I’m interested in the differences that the 2007 Proposal & Business Development Community surveythrows up regarding organisations’ approaches to knowledge bases of pre-written content. This is a one of our pet topics: good proposal centres have strong content libraries, with robust processes in place for keeping material up to date.
The survey doesn’t ask about quality – after all, it’s quite tough to assess the quality of your own material objectively. But it does ask about maintenance of the knowledge base.
There’s a dead heat between those groups who have a dedicated database administrator, and those whose knowledge base administrator combines that role with other tasks (37% in each camp). The remaining quarter or so of the survey share responsibilities across the group.
That masks some variation by the size of the knowledge base, as you might expect. 45% of teams with over 1,000 records have a dedicated administrator, compared to 27% of those with smaller content libraries.
Yet 56% overall believe that having a dedicated administrator for the knowledge base is critical, and less than 10% believe that such a post is not required.
Where it gets interesting, for me, is when one looks at the teams who are still in the implementation stage. Only 10% of these have a dedicated database administrator. But a staggering 52% believe it’s “absolutely critical” to have such an individual in place. I can feel the pain of their implementations from here.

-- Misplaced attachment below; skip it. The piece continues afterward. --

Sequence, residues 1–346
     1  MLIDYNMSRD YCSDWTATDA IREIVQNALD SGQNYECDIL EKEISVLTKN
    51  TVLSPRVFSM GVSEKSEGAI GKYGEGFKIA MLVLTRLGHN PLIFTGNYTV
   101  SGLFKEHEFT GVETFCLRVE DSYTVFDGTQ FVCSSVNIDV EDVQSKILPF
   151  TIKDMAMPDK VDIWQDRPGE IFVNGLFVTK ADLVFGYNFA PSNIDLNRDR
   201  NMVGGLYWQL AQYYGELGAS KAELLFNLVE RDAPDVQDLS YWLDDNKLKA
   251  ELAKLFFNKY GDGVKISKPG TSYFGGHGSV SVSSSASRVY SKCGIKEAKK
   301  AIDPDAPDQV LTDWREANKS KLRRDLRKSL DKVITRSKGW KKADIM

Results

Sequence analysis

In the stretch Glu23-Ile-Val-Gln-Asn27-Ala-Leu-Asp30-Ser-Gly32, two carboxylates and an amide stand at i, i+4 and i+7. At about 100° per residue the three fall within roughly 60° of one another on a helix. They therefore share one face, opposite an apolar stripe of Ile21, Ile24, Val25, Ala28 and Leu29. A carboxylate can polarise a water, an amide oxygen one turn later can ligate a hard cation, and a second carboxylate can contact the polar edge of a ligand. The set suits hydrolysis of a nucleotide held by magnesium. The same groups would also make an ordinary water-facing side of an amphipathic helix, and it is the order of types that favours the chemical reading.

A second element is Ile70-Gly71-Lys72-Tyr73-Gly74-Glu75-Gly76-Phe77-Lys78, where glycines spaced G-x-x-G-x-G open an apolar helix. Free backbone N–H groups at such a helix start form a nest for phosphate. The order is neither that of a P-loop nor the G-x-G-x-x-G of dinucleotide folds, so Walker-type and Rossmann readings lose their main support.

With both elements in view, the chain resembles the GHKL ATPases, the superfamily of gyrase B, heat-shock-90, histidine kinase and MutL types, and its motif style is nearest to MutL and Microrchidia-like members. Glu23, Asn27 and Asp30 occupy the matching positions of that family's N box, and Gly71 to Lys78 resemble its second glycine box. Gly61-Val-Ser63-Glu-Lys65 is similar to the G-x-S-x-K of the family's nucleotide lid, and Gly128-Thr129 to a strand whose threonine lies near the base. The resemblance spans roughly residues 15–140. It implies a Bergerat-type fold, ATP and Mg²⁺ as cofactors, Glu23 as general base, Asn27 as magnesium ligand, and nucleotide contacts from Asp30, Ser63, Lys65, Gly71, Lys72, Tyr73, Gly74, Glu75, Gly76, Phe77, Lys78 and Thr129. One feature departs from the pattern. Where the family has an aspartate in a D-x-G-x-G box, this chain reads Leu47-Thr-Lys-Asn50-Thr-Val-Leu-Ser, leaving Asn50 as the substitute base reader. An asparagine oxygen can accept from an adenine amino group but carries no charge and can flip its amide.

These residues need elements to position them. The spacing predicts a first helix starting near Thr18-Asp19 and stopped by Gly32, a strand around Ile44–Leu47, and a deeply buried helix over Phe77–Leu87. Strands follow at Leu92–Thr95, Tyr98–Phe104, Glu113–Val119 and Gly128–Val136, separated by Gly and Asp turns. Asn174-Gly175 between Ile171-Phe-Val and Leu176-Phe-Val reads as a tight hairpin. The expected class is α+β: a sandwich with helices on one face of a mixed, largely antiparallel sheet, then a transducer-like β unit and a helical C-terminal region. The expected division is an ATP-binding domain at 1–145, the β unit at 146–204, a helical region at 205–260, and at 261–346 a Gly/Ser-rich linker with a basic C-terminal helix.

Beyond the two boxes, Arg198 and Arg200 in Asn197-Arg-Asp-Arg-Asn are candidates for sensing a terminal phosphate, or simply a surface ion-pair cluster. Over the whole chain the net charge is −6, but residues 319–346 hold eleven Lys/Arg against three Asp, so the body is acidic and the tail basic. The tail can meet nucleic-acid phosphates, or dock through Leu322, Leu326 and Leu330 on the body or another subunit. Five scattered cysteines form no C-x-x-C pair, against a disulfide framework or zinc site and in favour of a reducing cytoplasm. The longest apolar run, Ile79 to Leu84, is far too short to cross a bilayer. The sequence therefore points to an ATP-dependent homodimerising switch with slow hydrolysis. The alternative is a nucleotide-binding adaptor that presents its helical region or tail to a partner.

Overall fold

That said, from our experience more and more organisations aren’t building their libraries from scratch – although doing so can be great fun, and add huge value to the proposal process. Most teams actually find themselves more in the position of needing to resurrect a dying database, refreshing the outdated content and establishing the right processes and responsibilities to ensure that it doesn’t degrade again in future.
I personally don’t like the phrase “administrator” for this role, by the way. It somehow detracts from the strategic importance of this activity. When building a new proposal centre team, the Knowledge Base Manager is one of the key positions, and one of the toughest – requiring real internally ‘organisational savvy’, as well as strong proposal content design and development skills. Mix in some graphics design ability, some technical database skills and a dose of project management, and “administrator” doesn’t begin to do the function justice.